When a major natural disaster looms, like a hurricane, flooding, earthquake, etc., it’s critical for everyone in the affected area to be ready. A recent poll uncovered a sobering reality: The majority of older adults think they are ready for an emergency situation, but nearly half of all people 50-80 years old haven’t taken key disaster preparedness steps.
Older adults are vulnerable, since many have more complex health needs or mobility issues. And yet…
- Only 40% of the older adults surveyed have made an evacuation plan with their friends or family members if they had to leave their homes on short notice.
- Fewer than one-third have an emergency kit with essential supplies and medicines that they could use while weathering a storm or evacuating from their homes.
- Just 25% of those with medical equipment that requires electricity—like an oxygen machine—have a back-up power source.
That could be problematic, even dangerous, during an emergency when the power goes out for an extended amount of time.
The one bright spot? Most older adults have stashed away an emergency supply of meds.
- 82% of the respondents who require essential medications had a seven-day supply of medication on hand
- 72% reported they had a seven-day supply of their other necessary health supplies.
The researchers, from the University of Michigan Institute for Healthcare Policy and Innovation with support from AARP and Michigan Medicine, emphasized that older adults must talk with their loved ones about planning for an emergency situation. And family members of older adults, listen up: If your loved one hasn’t broached this subject with you, it’s time for you to bring it up with them.
How to prepare for an emergency
Feeling a little anxious about your own disaster preparedness—or lack thereof? Here are the key steps you can take to get ready for a potential emergency situation:
1. Make an emergency preparedness plan.
If you haven’t already made an emergency plan, start now! Depending on where you live, you might need a couple of plans—one for each of the most likely disasters that could occur near you. For example, if you live near one of the coasts, you might create a hurricane plan and an earthquake plan. If you live in the Western states, you might create a wildfire plan and a tornado plan.
Include steps for protecting your home or belongings in the event of an evacuation, too. Share the plan with your family members, so everyone’s on the same page. Get more guidance on developing your plan from Ready.gov.
2. Create an emergency kit.
The American Red Cross suggests that you assemble enough supplies in your emergency go bag to last at least three days (or more for some items). Store everything in a bag that you can easily move—like a suitcase or duffle bag with wheels. Then, label the bag with your name and contact information.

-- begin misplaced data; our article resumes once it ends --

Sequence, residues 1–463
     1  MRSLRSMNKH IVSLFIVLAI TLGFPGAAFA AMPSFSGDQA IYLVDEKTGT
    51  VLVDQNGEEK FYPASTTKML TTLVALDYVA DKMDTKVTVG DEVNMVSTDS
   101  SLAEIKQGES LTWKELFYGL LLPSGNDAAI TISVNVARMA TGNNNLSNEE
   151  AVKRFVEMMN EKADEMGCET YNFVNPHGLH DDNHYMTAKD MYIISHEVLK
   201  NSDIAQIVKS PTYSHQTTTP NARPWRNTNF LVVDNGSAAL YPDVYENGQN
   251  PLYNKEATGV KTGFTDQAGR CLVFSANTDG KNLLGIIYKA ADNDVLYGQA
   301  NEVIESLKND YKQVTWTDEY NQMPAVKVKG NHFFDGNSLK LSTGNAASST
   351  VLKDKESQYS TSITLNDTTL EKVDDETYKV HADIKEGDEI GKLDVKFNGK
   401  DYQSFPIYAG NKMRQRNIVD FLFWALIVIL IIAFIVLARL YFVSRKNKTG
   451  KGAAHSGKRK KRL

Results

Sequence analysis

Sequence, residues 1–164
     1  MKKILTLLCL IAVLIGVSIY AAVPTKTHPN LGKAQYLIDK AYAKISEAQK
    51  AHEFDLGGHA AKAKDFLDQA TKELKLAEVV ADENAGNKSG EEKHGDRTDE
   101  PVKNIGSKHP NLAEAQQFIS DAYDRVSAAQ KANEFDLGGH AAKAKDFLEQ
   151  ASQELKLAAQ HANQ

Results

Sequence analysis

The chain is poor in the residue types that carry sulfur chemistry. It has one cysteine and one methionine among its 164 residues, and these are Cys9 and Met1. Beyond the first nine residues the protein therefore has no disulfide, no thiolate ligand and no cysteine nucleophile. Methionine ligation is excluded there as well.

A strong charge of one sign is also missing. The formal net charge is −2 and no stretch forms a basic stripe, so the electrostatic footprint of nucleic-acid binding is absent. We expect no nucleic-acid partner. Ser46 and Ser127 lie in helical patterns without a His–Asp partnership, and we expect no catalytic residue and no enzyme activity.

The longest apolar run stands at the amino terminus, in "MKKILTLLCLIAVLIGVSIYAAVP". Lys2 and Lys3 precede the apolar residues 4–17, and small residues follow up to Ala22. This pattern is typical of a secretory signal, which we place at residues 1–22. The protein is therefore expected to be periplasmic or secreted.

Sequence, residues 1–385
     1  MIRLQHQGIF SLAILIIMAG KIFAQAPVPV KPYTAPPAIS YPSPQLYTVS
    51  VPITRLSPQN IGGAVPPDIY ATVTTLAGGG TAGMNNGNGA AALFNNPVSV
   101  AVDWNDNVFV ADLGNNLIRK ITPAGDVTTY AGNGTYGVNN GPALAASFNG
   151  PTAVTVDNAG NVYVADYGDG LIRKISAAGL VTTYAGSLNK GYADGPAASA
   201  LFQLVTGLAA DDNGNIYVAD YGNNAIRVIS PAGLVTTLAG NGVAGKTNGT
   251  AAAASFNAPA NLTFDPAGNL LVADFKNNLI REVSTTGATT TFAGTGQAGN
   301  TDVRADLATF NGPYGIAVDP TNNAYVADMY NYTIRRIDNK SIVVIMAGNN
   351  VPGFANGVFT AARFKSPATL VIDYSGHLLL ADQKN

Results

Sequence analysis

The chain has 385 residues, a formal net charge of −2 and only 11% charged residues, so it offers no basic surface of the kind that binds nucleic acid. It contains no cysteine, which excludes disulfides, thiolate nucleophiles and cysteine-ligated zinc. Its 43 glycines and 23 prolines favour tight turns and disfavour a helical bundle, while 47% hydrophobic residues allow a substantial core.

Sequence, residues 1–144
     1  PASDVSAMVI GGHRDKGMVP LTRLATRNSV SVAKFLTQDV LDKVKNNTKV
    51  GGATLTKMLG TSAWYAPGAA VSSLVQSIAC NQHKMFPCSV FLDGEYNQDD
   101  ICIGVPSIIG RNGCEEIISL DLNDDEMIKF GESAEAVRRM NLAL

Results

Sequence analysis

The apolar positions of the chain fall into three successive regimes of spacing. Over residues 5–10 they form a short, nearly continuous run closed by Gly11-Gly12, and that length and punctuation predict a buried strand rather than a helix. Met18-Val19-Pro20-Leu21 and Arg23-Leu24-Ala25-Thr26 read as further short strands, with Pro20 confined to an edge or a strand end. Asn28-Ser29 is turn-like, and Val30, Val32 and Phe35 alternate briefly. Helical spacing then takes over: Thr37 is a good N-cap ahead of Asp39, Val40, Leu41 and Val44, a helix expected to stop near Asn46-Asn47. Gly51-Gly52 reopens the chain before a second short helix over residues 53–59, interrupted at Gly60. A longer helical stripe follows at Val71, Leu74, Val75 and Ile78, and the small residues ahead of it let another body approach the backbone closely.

The 10 most important items to include in your emergency kit are:
- Flashlights. Don’t forget extra batteries and bulbs.
- Fresh water. The Red Cross suggests one gallon per person per day. If you have room to store it, keep a two-week supply.
- First-aid kit, seven-day supply of medications, list of medications that you currently take and copies of prescriptions, and other medical items that you might need.
- Radio. Choose a hand-crank version or a battery-powered version, with backup batteries.
- Hygiene items like toilet paper or feminine care products
- Emergency blanket
- Copies of important documents, such as insurance policies
- Contact information for family members and other people you may need to reach
- Canned food and manual can opener. Some preparedness experts suggest keeping a three-day supply of food on hand.
Learn more about creating, maintaining, and storing your emergency supplies here.
3. Update your plan and your emergency kit periodically.
Don’t rely on supplies that may become outdated. Make plans to regularly review your disaster preparedness kit and your emergency plan to make sure that everything is current.
Think of all those fresh batteries that you originally stored in your kit. They might need to be replaced if you use them during a storm. Consider your seven-day supply of medication. Did you use it all up during a recent event? Could the medications have expired? Check on them and make sure that you have a complete, unexpired set that’s ready to go.
Additionally, your needs, or your family members needs, may change over time—and you might need different supplies to meet those needs. Make it part of your routine to review your emergency readiness.